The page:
Thursday, April 23, 2020

Quarantine reads: Suggestions from Almanack readers

Anne LaBastille, author of the “Woodswoman” series.

Looking for new ways to pass the time indoors?

Here are some suggestions for Adirondack and/or environmental themed books offered up by Almanack readers, who responded to a post on our Facebook page.

A mix of fiction and non-fiction, old and new (in no particular order), feel free to share your favorites in the comments!

  • “Cold River” by William Judson
  • “Living With the Adirondack Forest” by Catherine Henshaw Knott.
  • “The Nature Fix: Why Nature Makes Us Happier, Healthier, and More Creative” by Florence Williams
  • “Loon Lake” by E.L. Doctorow.
  • “The Stranger in the Woods” by Michael Finkel.
  • “The Truth and Legend of Lily Martindale” by Mary Sanders Shartle
  • “Wandering Home” by Bill McKibben
  • “A Woman in the Polar Night” by Christiane Ritter
  • “Tailspin: The Strange Case of Major Call” by Bernard F. Conners
  • Anything William Kennedy
  • “Woodswoman” (series) by Anne LaBastille
  • The Explorer publication by Phil Terrie, “Seeing The Forest” We still have a few copies for sale.
  • “In Praise of Quiet Waters” and “Finding A Woman’s Place” by Lorraine Duvall 
  • “In Camp with Adirondack Hunters” by Robert J. Elinskas
  • The Frank Bennett Adirondack Mountain Mystery Series by S. W. Hubbard
  • “Adirondack Detective” by John H. Briant
  •  “The Hidden Life of Trees” by Peter Wohlleben 
  • “The Overstory” by Richard Powers
  •  “Braiding Sweetgrass” by Robin Wall Kimmerer 
  • “The Dirty Life, A Memoir of Farming, Food and Love” by Kristin Kimball.
  • “Adirondack Almanac: A Guide to the Natural Year” by Saranac Lake author Tom Kalinowski
  • The Adirondack Kids series
  • “Neighbors of Yesterday” by Jeanne Robert Foster
  • “No Place I’d Rather be: Wit and Wisdom from Adirondack Lean-to Journals” by Stuart F. Mesinger

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Melissa is a journalist with experience as a reporter and editor with the Burlington Free Press, Ithaca Journal and Fairbanks Daily News-Miner. She worked as a communications specialist for the Adirondack North Country Association and runs her own New York State Women owned Business-Enterprise Bootstrap Communications, which includes digital marketing, strategy and design. She enjoys hiking, camping and other outdoors activities, and spending time with her husband, their twin daughters, and rescue animals -- two dogs and a cat.




10 Responses

  1. Suzanne says:

    I might recommend Maitland DeSormo’s books, “Summers on the Saranacs,” et al, as well as “French Louie,” by Harvey Dunham.There is also a great book, “Cache Lake Country,” which is not exactly Adirondack, because the author, John J. Rowlands, was a timber cruiser in Canada and wrote of his life there in a cabin he built on a remote lake. The book, published in 1947, has recently been reissued, with the original illustrations, which are delightful. I first found this book in our shelves as a twelve year old on a cold rainy afternoon, and have reread it ever since.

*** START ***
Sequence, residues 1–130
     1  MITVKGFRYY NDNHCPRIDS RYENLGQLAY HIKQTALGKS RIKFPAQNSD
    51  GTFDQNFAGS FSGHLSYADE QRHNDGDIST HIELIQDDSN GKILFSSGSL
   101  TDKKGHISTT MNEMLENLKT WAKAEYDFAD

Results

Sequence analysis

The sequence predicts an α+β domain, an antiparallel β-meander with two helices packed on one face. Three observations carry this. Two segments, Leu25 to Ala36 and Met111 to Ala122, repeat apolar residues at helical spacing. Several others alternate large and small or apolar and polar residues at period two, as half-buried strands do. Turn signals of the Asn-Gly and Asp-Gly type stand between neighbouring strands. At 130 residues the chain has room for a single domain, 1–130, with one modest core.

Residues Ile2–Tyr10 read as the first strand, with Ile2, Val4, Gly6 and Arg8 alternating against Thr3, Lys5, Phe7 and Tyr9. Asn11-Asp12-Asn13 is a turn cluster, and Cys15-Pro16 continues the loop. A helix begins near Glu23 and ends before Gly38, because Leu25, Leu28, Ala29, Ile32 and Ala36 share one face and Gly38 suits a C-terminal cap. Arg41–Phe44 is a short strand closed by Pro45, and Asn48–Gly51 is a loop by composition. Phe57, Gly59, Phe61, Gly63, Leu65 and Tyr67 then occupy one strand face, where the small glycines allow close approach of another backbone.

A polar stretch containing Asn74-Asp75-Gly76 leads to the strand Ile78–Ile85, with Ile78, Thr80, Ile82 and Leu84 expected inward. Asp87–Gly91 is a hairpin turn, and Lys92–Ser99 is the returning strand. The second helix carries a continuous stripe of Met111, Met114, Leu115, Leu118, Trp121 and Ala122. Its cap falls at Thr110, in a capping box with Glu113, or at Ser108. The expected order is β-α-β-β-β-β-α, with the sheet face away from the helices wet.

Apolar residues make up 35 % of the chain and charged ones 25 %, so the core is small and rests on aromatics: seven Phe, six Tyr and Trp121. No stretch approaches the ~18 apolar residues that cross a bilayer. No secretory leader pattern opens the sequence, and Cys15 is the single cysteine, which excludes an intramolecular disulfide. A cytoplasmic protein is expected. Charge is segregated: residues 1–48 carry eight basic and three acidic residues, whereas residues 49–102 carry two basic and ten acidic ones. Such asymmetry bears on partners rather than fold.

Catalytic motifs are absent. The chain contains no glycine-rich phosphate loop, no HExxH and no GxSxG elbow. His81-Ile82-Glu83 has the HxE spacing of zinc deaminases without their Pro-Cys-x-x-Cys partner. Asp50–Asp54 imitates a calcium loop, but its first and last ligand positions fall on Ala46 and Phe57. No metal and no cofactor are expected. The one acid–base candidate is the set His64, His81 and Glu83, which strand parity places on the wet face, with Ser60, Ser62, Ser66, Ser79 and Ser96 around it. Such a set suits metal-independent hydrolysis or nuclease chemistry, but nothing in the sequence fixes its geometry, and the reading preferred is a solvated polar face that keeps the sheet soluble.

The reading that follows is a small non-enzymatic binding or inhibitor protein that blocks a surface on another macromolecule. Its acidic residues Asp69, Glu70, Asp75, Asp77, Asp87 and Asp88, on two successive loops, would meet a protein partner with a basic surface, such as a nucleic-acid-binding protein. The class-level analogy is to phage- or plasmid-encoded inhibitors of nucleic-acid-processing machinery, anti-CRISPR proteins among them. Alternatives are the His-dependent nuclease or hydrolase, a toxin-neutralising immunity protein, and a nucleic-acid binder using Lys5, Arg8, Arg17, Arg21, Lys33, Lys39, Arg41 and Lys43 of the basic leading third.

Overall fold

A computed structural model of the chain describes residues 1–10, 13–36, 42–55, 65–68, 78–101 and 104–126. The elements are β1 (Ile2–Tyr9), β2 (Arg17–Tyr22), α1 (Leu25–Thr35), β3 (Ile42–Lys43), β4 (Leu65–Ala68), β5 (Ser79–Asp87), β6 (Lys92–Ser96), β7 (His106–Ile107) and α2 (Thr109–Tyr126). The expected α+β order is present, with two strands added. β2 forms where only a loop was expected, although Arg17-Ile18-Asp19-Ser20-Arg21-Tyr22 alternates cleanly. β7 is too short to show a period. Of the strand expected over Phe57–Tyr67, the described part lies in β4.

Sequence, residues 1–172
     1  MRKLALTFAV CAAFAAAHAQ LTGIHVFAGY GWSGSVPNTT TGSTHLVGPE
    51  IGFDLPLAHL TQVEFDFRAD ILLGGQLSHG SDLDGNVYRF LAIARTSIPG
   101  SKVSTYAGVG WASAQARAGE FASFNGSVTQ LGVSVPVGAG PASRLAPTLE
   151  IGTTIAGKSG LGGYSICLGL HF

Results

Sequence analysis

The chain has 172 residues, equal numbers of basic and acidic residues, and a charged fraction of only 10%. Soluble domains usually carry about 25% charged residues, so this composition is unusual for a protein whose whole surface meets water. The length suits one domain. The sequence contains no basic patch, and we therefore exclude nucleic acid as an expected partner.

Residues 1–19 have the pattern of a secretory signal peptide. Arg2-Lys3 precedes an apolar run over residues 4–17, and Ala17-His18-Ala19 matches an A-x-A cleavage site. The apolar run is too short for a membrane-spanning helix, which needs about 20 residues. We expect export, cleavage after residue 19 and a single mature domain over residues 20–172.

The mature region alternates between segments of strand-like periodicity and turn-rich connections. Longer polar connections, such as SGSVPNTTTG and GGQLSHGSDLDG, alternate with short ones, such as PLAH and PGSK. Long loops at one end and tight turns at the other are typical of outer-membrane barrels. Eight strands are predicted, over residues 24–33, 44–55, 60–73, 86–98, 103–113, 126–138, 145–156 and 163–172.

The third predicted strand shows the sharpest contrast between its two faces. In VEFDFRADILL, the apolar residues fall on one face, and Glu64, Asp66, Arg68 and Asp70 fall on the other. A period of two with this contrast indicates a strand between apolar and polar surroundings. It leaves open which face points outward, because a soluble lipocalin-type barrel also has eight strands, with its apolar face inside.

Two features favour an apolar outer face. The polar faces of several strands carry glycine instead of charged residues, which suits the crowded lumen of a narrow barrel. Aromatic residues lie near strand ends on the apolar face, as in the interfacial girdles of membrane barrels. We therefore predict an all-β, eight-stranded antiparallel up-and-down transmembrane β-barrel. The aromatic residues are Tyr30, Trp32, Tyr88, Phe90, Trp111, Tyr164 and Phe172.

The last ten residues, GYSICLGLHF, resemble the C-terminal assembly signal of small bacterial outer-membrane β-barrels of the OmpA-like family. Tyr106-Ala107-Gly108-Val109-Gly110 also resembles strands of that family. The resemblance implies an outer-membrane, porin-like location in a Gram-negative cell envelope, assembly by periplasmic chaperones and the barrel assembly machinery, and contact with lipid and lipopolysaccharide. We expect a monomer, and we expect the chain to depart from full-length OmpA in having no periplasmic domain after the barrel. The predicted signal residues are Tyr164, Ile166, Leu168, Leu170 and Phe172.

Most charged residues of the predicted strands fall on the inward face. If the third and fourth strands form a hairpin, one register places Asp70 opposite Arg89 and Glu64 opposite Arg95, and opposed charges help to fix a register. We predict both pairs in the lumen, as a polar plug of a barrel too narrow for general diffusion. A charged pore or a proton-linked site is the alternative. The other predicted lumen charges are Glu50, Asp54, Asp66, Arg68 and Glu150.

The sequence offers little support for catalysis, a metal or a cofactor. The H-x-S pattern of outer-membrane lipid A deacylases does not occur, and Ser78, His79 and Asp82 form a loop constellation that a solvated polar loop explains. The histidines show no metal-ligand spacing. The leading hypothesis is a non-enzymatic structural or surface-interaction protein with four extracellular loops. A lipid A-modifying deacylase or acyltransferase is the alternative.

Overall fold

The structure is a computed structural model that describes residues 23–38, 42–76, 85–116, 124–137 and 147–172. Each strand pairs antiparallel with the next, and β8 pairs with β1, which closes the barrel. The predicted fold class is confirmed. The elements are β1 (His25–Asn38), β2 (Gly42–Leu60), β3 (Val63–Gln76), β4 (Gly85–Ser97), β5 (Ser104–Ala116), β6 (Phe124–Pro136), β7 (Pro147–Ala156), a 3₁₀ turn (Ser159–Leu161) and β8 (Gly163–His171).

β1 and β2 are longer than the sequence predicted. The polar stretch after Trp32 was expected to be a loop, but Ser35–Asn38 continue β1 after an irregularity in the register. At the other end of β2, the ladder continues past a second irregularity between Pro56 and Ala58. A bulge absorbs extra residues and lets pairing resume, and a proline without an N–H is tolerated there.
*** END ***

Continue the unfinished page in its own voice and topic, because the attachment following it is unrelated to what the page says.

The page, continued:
Then of course there’s the 46er book, “Heaven Up-Histedness” if you can lift it up — it weighs a ton.

    • Tim-Brunswick says:

      Cache Lake Country is great ( I have it as well as French Louie) I was surprised the Adirondack Classic about Louie wasn’t included!

  2. John Rohrkemper says:

    I would include as essential reading anything by George Washington Sears and Christine Jerome’s lovely homage to Sears and memoir of her own retracing of Sears’ famous Adirondack paddle, “An Adirondack Passage: The Cruise of the Canoe Sairy Gamp,” This is my favorite Adirondack book, elegantly written, funny and touching.

  3. Elaine Spaulding says:

    I was surprised that the trilogy by Tony Holtzman was not mentioned in either of your 2 suggested reading lists published. Years ago When I was on vacation , I picked up signed copies at the Saranac Lake Community Store. This spring I finally was able crack into these 3 novels, and both my husband and myself really enjoyed them. We are not from the area, but were in pursuit of the 46 peaks so we would be up summers for years and got to know the area. While reading the books, it was refreshing to be reminded of all the places mentioned in the books. Interesting read in my opinion!

  4. Anita Dingman says:

    Do you ever publish poems from unknown people. My grandfather published a few back in the 1920s that I think you would like.

  5. Worth Gretter says:

    I’ve just started “Finding True North” by Fran Yardley, about the history and resurrection of the Bartlett Carry Club between Middle and Upper Saranac Lakes. Good so far!

  6. Christine hildebrand says:

    Any thing by E.L. Doctorow is worth a read and “Loon Lake” is no exception. His mysteries, or adventures with some political overtones are remarkable. I also recommend the Tony Holtzman books.

  7. Dan Hayes says:

    Hi, lots of great reading! I would also recommend Christine Jerome’s book “An Adirondack Passage”.

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